The ins and outs of training

External trainers bring experience, change; internal ones familiar with culture
By John Wright
|Canadian HR Reporter|Last Updated: 11/08/2011

In a challenging economy where companies need to produce more with less, the real value of training and development emerges: An engaged, loyal and committed employee is like money in the bank. Business leaders are recognizing sustainable growth — in any business — depends on cultivating and sustaining employee engagement.

In addition to the economy, the shifting dynamics of the workplace have created multiple challenges for organizations, especially when it comes to finding the appropriate and “best fit” solution to maintain a forward-thinking, sustainable, growing workforce and business.

There is a strong relationship between engagement and high-performance outcomes such as customer loyalty, profitability, productivity, turnover, safety incidents, shrinkage, absenteeism and quality defects, according to Gallup’s 2009 study The Relationship Between Engagement at Work and Organizational Outcomes. The study was a meta-analysis of 199 studies, involving 152 organizations in 26 countries.

Increasingly, companies are recognizing employee engagement is not automatic but earned from every employee through a trusting and supportive relationship with one’s leader — a relationship nurtured through a visible and championed investment in organizational professional development.

Training and development are key pieces to this puzzle, with the onus falling on HR to fix the problem, often internally with limited resources. An articulated employee planning and skill development path is integral to sustained growth. Customized, interactive programs and development solutions will prepare participants for real-world situations.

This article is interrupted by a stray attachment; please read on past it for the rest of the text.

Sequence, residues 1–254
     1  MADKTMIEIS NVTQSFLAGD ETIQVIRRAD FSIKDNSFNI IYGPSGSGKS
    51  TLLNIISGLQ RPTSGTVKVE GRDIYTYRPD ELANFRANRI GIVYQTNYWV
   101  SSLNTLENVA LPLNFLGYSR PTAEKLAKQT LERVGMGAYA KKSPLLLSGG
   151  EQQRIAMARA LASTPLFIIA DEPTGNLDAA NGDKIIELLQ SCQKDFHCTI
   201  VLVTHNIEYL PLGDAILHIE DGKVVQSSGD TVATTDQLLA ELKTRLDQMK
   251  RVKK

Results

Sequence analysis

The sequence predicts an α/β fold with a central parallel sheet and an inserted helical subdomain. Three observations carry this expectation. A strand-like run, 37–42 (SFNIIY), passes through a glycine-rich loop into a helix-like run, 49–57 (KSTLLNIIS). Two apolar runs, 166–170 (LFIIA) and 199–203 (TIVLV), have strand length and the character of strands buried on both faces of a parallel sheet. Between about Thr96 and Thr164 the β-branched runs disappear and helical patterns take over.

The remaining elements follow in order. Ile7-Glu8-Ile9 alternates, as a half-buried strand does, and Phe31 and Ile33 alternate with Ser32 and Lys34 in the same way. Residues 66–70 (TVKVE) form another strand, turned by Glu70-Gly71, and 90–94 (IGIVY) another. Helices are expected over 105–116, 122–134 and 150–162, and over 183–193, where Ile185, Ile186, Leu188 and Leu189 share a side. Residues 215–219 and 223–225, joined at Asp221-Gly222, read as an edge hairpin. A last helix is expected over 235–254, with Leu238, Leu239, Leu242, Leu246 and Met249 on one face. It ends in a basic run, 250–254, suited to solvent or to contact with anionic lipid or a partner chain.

But how do you get there? Do you create an internal team to manage the program or do you outsource by hiring an external trainer?

The case for external training

No two organizations are alike and different workplaces require different solutions, some long-term, some not. A collaborative approach is best suited when organizations have training and development needs.

Employers should ask themselves: What is the focus of the company’s vision and inspiration? How do employees regard the organization itself? Do they appreciate the leadership or the culture? Is there self-awareness?

These are tough questions that need to be asked and it’s often easier to get an objective, outside perspective to find out what’s actually going on. Often, the introduction of a third-party viewpoint helps employers avoid organizational politics, especially in sensitive situations where confidentiality is an issue and training needs are at a management or senior level.

Externally sourced trainers should come from management positions, with personal experience “in the trenches” gleaned from world-class organizations. This real-world experience affords an intimate understanding of the issues and challenges facing organizations every day, as well as the ability to train and relate to situations and realities managers and leaders are facing.